Now I could stop with this warning about the limitations of Google search results, but perhaps there is more to be learned here. Perhaps I should also issue a plea to historians to both learn SEO and write for general audiences on the web. Like it or not, Google is the first place many people turn for answers, and anyone seeking one on the Hossbach Protocol can be easily led astray. Actually, historians might not even need to learn SEO. Wikipedia already has a high page rank and its pages turn up regularly at or near the top of Google search results. Perhaps all that is needed is more and better Wikipedia articles. The Hossbach Protocol doesn’t show up in Wikipedia. If it had, the search results would have been different.
Wikipedia brings up another twist. Typically, when one uses one term in Wikipedia that is more commonly known by another, Wikipedia will at least offer alternative results. (It’s better than Google that way. Google can only offer spelling alternatives.) In this case, though, the more typical American name for this document did not show up in the search results. Only after I typed Hossbach Memorandum did I find what I was looking for. I then typed this term into Google and came up with much more satisfactory results. Only one of the right-wing links came up on the first page, and this time near the bottom.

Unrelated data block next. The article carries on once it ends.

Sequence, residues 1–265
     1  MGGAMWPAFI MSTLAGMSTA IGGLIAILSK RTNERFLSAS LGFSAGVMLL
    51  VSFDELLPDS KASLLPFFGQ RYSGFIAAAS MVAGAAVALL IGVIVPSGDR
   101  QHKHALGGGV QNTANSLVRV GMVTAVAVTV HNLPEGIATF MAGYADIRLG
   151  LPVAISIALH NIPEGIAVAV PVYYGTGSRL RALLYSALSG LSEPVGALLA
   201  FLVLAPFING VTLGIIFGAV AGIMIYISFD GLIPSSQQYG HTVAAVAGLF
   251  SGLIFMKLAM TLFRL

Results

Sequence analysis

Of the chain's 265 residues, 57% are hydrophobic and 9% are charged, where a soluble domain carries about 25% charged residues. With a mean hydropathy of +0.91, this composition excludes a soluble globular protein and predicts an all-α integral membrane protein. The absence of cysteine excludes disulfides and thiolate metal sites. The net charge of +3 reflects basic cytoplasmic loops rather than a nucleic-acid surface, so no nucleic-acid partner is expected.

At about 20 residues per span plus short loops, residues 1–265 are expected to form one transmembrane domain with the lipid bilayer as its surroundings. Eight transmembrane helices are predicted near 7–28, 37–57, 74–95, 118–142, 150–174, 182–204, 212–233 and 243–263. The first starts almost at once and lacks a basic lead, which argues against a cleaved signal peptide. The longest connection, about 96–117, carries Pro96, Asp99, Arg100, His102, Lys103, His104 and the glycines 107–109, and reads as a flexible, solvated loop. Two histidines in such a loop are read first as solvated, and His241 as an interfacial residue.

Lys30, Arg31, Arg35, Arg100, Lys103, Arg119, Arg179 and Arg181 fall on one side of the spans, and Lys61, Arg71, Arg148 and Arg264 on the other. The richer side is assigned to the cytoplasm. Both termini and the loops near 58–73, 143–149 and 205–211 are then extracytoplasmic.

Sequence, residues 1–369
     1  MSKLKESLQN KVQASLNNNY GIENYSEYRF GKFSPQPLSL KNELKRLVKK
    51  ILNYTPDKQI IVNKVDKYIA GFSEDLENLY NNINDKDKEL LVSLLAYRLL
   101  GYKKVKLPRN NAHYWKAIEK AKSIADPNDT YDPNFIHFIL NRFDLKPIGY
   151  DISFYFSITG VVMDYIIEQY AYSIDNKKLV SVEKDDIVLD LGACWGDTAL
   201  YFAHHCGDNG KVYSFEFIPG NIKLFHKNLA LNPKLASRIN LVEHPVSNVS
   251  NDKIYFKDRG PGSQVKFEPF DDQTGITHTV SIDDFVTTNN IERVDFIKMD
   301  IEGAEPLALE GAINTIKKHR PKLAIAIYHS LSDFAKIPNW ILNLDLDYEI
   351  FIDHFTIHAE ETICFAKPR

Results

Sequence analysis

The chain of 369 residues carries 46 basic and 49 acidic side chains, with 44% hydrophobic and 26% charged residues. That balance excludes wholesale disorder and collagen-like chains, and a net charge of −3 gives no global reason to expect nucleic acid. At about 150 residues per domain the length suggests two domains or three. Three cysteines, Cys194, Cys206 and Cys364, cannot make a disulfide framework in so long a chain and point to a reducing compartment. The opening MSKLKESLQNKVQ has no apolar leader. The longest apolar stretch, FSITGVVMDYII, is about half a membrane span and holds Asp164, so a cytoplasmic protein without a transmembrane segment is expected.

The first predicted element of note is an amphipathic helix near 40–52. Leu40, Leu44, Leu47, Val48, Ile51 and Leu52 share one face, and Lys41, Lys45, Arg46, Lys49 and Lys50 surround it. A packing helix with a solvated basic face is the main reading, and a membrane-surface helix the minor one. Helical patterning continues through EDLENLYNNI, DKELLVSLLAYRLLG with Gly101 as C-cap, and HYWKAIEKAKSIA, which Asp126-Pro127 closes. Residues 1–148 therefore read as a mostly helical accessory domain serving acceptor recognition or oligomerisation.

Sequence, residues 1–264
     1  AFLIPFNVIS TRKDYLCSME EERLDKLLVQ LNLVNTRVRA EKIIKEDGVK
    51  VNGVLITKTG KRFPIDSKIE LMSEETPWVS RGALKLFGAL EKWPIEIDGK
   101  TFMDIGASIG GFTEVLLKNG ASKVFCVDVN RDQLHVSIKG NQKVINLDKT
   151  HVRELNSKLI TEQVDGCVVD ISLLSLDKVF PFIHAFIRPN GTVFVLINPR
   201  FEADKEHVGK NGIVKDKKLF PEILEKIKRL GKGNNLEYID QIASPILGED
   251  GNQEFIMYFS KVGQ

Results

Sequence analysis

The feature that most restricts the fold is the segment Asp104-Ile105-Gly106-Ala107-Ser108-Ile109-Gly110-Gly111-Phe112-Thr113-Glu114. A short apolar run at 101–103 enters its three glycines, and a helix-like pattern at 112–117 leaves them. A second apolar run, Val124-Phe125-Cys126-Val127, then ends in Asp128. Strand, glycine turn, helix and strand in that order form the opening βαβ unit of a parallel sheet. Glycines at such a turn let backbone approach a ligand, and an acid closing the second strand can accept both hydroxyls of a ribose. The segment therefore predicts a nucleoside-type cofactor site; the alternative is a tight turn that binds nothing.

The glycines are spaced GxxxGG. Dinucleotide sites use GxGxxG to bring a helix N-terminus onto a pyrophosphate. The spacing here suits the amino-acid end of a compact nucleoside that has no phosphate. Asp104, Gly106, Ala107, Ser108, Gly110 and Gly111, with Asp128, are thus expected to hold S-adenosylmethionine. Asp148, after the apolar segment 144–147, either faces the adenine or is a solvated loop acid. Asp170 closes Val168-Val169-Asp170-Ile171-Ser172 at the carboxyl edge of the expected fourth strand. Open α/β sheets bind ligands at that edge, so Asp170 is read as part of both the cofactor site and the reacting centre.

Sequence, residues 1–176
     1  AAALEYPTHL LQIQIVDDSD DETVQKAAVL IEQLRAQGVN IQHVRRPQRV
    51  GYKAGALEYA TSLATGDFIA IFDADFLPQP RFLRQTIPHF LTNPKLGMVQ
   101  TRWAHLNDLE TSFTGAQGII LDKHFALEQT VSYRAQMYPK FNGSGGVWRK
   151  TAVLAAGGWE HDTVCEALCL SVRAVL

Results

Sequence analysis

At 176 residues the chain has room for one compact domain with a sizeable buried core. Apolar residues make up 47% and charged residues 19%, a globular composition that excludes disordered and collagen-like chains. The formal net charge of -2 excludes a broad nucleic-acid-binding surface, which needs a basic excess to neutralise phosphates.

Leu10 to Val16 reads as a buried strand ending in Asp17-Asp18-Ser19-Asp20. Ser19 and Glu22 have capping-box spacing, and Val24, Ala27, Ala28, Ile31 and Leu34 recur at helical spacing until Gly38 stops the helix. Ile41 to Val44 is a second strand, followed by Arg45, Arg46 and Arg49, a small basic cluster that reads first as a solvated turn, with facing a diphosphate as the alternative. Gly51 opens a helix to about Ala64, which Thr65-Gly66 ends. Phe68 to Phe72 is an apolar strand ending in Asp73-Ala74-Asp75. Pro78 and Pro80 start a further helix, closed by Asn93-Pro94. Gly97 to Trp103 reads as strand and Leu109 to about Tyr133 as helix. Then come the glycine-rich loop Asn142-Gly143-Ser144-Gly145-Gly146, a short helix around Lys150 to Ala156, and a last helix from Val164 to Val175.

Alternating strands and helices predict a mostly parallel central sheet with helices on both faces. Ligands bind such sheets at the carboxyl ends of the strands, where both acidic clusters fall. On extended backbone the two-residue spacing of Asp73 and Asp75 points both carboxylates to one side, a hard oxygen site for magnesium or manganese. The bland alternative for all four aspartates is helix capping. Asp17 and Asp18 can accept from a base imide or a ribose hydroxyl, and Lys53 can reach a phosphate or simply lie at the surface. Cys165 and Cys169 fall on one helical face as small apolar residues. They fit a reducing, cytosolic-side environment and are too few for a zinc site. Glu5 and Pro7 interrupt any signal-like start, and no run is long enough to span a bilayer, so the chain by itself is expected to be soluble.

This final result brings me back to Wikipedia and SEO. We need to enter all possible variations of terms in Wikipedia articles so that they show up in search results. (Sure, I should have entered “Hossbach Memorandum” right from the start, but I translated directly and that was that. As the first set of search results shows, others have done so too.) We also need to do the same thing with web articles and blog posts. It won’t do to leave the field open to the bad guys, simply because the world of SEO isn’t part of our training and does not make or break historical careers. I don’t know if Deborah Lipstadt does any SEO, but her three-year-old blog combats holocaust denial and has a PR 6. More established historians need to follow her example in their respective fields.
First published on this date on the now closed Clio and Me.